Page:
Original Art: Flora of Gondwana


 

I’m venturing into new territory – offering a little insight into some of the hows & whys behind the art I create. I believe there’s a balance between sharing just enough vs too much. Ya know, like how sometimes it’s cool to just let the art speak for itself.

But I often get asked about technique & intent, so.

For my current show @ Blake Anthony Gallery, I played with color theory. This 12-piece series is my exploration with a limited palette & the way the color of a given atmosphere affects shadows & highlights.

I chose plant life for the subject matter. Mainly because I could experiment with a controlled expressionism (is that even possible?!) with bold, limited brushstrokes.

Conceptually, these are plants I completely made up. Sort of variations of similar species. The series title, Flora of Gondwana, speaks to the narrative behind the whole set.

There’s this theory that, over the long arc of geological time, Earth’s landmasses go through repeating periods of convergence & separation. All the land is at times gathered in supercontinents. The land later divides into separate continents.

You probably remember the name Pangaea from elementary school. And how the eastern coastline of South America mirrors the southwestern coastline of Africa. They fit like puzzle pieces. Like Pangaea, other supercontinents have existed: Ur, Rodinia, Pannotia, etc. One of these supercontinents was Gondwana.

As supercontinents drift apart, due to the new oceans stretching between the continents, plants & animals on these separated continents diversify. They change. Different populations of the same species develop in new ways based on new environmental conditions.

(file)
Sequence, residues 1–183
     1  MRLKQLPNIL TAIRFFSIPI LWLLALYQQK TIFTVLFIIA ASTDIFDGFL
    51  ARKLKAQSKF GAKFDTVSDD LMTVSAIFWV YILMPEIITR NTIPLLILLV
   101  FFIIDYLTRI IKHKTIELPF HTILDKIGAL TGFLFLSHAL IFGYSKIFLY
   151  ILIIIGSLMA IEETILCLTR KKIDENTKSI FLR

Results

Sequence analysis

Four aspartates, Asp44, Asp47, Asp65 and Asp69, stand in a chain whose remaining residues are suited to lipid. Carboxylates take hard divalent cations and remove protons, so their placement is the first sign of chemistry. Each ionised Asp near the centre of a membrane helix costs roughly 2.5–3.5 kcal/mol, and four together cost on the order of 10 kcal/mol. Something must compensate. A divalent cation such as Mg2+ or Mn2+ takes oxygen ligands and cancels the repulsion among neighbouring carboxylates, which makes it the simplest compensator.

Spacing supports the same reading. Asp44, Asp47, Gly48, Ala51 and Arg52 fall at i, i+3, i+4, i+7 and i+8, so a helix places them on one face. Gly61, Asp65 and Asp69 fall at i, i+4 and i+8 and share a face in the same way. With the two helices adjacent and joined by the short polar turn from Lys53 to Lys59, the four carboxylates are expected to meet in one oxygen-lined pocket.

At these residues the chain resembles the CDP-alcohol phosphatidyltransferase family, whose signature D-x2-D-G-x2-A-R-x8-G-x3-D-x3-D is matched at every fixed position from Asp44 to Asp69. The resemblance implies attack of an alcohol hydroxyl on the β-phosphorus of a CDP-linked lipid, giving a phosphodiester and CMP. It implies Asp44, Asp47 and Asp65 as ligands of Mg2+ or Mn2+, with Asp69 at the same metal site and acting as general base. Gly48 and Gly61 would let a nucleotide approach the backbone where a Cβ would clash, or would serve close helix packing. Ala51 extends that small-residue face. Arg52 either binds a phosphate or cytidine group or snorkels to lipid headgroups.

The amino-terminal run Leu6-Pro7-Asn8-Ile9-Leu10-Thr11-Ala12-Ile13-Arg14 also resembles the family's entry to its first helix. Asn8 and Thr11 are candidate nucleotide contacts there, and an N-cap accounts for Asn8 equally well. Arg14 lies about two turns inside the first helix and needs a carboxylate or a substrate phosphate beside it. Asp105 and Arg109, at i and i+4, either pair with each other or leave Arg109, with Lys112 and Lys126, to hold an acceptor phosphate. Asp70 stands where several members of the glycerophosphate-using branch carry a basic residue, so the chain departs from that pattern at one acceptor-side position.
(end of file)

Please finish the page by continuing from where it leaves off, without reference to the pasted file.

Anyway, that’s getting all scientific & brainy. I often find artistic inspiration in scientific & brainy stuff, tho. They offer as good an inspiration as any other source, I reckon.

I kinda dig how they almost look like prints, yet each is a hand-painted original.

Flora Of Gondwana
No. 001 – 012
Acrylic on paper
11″ x 14″ framed behind glass
$60 each

NEXT MONTH: Clay pieces created in my first-ever wheel-thrown pottery class.

 

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Original Art: An Almost Wordless Story


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A lot of non-dedicated spaces exist as art galleries. Here in my current hometown of Mansfield, OH, our coffee shop & indie bookstore continuously host art by local artists. That says something about this area, I believe.

Some friends of mine own a salon downtown. These same guys have, for a while now, been patrons-of-sorts. They regularly encourage me, offer feedback on my creations & pass art supplies & knowledge my way. I’m so grateful.

During this past holiday season, I displayed some paintings & handmade ornaments in their shop. That morphed into an idea: What if they allowed me to show in their nontraditional space? Treat it like an art gallery? As in, regularly change out my pieces, say, once per month for all of 2019?

This would keep me creating on deadline. Structure’s good sometimes. A series of fresh pieces on a monthly basis.